Singapore Airlines seems to think so. So does Malaysia Airlines. Could this be a new thing in air travel?
Singapore Airlines has announced it is considering a “child-free zone” on its flights, which would allow passengers to pay big bucks to guarantee they are not stuck next to a tantruming toddler.
But it is not the first airline to contemplate banning children from an entire section of the plane. Malaysia Airlines took the leap three years ago when it stopped children under the age of two from flying in first class.
Singapore Airlines’ proposed business class child-free zone is one of the upgrades it is considering as major airlines compete to attract higher-end customers. Showers, beds and satellite TV are some of the luxuries offered in first class by Emirates. Etihad has a flying nanny on long-haul flights, plus designated kids’ rooms in its lounges in Sydney and Abu Dhabi.
Qantas and Virgin Australia are yet to announce how they intend to overhaul their luxury sections, but former Qantas chief executive Geoff Dixon says children should “definitely not” be banned from business class.
And while most airlines admit having to endure children crying is a common complaint from passengers, they tend to agree that blocking kids from business class is not the answer.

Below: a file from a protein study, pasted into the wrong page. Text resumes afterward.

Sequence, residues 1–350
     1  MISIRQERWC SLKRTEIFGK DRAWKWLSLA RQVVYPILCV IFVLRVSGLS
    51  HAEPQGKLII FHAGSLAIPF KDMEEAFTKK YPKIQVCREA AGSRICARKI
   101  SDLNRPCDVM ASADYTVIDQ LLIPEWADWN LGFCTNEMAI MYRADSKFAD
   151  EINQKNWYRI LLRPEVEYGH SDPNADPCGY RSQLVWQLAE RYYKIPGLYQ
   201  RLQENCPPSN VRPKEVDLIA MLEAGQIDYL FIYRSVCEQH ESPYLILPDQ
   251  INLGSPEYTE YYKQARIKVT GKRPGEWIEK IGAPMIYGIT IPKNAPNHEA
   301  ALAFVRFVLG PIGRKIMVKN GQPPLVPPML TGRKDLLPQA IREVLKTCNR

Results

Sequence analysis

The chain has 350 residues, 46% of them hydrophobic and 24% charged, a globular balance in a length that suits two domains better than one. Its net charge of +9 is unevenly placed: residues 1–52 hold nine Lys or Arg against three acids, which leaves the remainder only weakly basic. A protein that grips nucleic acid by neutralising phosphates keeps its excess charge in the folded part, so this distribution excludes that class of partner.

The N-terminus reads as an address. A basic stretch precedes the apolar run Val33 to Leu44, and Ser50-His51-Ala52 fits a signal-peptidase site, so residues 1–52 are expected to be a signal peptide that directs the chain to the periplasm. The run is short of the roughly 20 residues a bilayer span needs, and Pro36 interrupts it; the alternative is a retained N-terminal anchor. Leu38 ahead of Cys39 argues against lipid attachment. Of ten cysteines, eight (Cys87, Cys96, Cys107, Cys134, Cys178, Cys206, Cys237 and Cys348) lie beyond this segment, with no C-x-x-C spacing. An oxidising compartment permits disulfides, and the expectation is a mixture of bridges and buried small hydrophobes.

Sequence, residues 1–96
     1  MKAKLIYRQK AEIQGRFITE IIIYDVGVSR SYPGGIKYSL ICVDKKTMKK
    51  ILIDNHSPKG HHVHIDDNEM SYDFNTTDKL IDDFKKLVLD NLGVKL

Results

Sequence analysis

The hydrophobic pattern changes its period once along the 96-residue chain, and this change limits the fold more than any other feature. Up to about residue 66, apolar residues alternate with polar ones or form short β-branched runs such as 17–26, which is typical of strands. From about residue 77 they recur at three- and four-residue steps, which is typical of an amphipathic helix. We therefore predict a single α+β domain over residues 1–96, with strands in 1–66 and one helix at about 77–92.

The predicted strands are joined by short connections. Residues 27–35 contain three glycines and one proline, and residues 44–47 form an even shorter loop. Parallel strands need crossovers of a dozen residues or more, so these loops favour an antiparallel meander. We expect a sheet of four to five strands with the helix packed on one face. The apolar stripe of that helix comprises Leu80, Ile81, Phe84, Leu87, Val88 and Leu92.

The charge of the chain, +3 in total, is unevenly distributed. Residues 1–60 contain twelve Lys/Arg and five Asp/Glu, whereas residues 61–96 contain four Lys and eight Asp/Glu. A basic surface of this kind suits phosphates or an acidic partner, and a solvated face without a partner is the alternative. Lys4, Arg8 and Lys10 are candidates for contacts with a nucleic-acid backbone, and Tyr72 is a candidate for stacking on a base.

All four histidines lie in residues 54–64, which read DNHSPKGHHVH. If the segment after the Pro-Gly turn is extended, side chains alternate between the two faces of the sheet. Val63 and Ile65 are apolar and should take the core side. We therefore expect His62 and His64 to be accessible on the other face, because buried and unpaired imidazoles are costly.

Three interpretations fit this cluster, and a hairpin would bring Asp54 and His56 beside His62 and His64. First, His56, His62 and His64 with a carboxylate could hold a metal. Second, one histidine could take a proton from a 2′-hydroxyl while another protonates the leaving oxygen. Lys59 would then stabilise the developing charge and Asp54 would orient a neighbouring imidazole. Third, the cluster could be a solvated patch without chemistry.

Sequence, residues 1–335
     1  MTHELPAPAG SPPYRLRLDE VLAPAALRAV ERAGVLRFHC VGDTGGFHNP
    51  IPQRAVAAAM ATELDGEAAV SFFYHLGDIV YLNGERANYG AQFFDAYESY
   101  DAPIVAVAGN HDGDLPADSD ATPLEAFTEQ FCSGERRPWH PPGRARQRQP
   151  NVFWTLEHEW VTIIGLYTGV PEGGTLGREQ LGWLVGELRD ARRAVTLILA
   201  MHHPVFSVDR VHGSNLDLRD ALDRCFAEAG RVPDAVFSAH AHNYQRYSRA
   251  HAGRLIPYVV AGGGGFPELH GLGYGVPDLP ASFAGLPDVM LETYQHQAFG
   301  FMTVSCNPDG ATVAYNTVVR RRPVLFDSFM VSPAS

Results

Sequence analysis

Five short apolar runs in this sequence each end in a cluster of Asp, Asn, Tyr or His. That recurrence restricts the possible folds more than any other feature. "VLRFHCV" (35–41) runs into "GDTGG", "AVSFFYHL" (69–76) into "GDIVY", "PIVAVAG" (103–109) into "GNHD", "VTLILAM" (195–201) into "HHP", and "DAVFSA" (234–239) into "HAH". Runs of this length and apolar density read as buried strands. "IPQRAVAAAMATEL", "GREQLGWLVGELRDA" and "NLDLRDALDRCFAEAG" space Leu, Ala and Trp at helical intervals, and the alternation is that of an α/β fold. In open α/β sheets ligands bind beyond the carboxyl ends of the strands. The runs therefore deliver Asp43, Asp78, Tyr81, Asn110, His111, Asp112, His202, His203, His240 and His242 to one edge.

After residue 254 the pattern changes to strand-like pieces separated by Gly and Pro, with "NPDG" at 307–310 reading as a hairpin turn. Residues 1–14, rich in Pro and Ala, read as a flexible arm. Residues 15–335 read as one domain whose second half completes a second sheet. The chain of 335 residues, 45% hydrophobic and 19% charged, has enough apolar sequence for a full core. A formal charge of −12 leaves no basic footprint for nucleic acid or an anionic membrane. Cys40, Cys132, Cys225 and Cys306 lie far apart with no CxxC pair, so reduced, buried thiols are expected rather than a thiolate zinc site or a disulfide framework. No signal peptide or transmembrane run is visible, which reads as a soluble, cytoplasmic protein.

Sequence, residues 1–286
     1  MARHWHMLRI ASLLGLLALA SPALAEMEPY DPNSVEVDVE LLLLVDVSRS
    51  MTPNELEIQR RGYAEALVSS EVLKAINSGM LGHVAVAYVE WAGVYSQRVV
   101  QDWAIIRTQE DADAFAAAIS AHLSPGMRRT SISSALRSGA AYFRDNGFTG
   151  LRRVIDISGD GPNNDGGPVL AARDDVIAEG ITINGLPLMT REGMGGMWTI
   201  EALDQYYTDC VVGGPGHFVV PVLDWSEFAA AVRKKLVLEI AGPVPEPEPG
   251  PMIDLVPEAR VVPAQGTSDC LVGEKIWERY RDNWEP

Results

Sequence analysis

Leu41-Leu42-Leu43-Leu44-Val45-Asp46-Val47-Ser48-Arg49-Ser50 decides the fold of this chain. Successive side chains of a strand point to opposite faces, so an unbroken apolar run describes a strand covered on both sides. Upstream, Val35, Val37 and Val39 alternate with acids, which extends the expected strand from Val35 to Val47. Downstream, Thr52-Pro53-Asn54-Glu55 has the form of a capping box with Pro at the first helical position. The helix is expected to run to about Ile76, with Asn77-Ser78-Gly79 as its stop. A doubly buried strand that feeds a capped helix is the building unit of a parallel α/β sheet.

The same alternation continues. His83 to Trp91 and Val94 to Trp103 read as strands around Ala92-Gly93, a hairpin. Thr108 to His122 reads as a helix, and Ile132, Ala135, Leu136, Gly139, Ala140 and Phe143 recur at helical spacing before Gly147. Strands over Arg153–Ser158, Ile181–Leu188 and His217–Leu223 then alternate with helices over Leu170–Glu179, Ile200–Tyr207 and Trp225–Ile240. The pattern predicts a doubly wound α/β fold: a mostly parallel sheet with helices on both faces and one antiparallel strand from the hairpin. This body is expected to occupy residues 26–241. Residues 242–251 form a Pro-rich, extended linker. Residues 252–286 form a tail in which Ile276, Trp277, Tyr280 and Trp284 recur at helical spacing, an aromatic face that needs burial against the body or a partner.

Webjet chairman David Clarke says: “I would like it to be the case, but I don’t think it’s reasonable. Most people who pay for business class don’t want a screaming kid in their ear, but that’s life.”
Other prominent business figures have also joined the debate. Harvey Norman boss Gerry Harvey tells The Australian: “I would rather children were not on the flight, but I have had four kids, and I understand there’s nothing you can do.”
Investment banker Mark Carnegie says: “There have been plenty of times when I have wanted children banned from business class … I have sympathy for a ban even though it is impractical. You want your own children in business class but you don’t want other people’s children in business class.”
We get it. Sitting next to a screeching child on an airplane is awful. I’ve been on both the receiving and the delivering end and it’s hard for everyone – the parents, the children and the people who have to listen to it.
But what do you think Babyologists? Would having a child-free zone make you more inclined to fly with that airline? Or would it turn you off?
If you are planning a long-haul flight with your little ones, check out our tips on making air travel a breeze, whether you’re in business class or not.
(via The Australian)